1Dept. of Earth and Ocean Sciences, National Defense Academy, 1-10-20 Hashirimizu, Yokosuka, Kanagawa 239-8686, Japan.
2Dept. of Information and Systems Engineering, Kanazawa University, Kakuma-machi, Kanazawa 920-1192, Japan
3Dept. of Earth System Science, Fukuoka University, 8-19-1 Nanakuma, Jonan, Fukuoka 814-0180, Japan
4Inst. of Observational Research for Global Change, Japan Agency for Marine-Earth Science and Technology, 2-15 Natsushima, Yokosuka 237-0061, Japan.
5Meteorological Research Institute, 1-1 Nagamine, Tsukuba, Ibaraki 305-0052, Japan
6Graduate School of Earth and Environmental Science, Tokai University, 1117 Kitakaname, Hiratsuka 259-1292, Japan
7National Inst. for Environmental Studies, 16-2 Onogawa, Tsukuba, Ibaraki 305-8506, Japan
8National Research Inst. for Earth Science and Disaster Prevention, 3-1 Tennodai, Tsukuba 305-0006, Japan
9Graduate School of Science, Tokai University, 1117 Kitakaname, Hiratsuka 259-1292, Japan
10Faculty of Science, Chulalongkorn University, 254 Phyathai Road, Patumwan, Bangkok 10330, Thailand
11School of Engineering, The University of Tokyo, 7-3-1 Hongo, Bunkyo 113-0033, Japan
12Inst. of Industrial Science, The University of Tokyo, 4-6-1 Komaba, Meguro 153-8505, Japan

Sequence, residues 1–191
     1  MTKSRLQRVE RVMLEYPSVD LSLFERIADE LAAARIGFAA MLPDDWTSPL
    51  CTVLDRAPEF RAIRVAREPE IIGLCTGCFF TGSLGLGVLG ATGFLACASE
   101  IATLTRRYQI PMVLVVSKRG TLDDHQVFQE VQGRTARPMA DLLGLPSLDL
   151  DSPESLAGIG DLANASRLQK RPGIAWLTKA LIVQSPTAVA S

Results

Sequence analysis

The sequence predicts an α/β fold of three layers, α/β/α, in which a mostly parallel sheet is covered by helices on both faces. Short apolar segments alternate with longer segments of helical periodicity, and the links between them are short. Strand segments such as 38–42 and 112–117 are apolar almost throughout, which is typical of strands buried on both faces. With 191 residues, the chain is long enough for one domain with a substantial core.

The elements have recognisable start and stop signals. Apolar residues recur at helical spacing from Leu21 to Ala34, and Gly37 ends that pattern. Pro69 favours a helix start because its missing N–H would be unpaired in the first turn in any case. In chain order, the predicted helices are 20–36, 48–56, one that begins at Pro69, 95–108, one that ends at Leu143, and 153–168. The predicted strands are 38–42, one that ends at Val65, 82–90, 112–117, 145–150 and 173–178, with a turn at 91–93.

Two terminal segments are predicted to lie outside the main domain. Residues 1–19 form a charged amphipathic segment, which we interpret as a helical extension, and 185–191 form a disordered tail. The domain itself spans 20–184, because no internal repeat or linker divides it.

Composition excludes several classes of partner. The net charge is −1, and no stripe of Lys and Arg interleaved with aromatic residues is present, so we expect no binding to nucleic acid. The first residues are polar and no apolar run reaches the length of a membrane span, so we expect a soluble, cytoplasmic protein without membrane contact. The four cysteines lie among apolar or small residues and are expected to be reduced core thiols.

Abstract. An optical particle counter (OPC) is used in conjunction with lidar measurements to examine the characteristics of the particle size distribution in cirrus cloud at the tropical tropopause (TT) over Thailand. Of 11 OPC launches, cirrus cloud was detected at 10–15 km high on 7 occasions, cirrus was detected at the TT in 6 cases, and simultaneous OPC and lidar measurements were made on two occasions. Comparison of lidar and OPC measurements reveal that the cloud height of cirrus in the TT varies by several hundred meters over distances of tens kilometers; hence the height is not horizontally uniform. The mode radii of particles constituting the clouds are estimated by lidar and OPC measurements to be less than approximately 10 μm. The regression lines of the particle size distribution with and without cirrus cloud exhibit similar features at equivalent radii of <0.7 μm. Enhancement in the integrated number concentration at radii greater than 0.7 μm indicates that liquid particles tend to be frozen at a radius of 0.7 μm, with cirrus clouds above 10 km exhibiting similar features. In addition, common features of cirrus clouds at the TT include a local maximum in the particle size distribution at 2.0 μm and a peak between 0.5 μm and 1.7 μm in the ratio of the standard deviation of count values to that of the Poisson distribution of the averaged count values. Each feature implies that all ice particles in the clouds may be nucleated by the same mechanism and particles in this size range are actively frozen at the TT. These parameters are thus good indicators for checking the results of cirrus cloud models in the TT.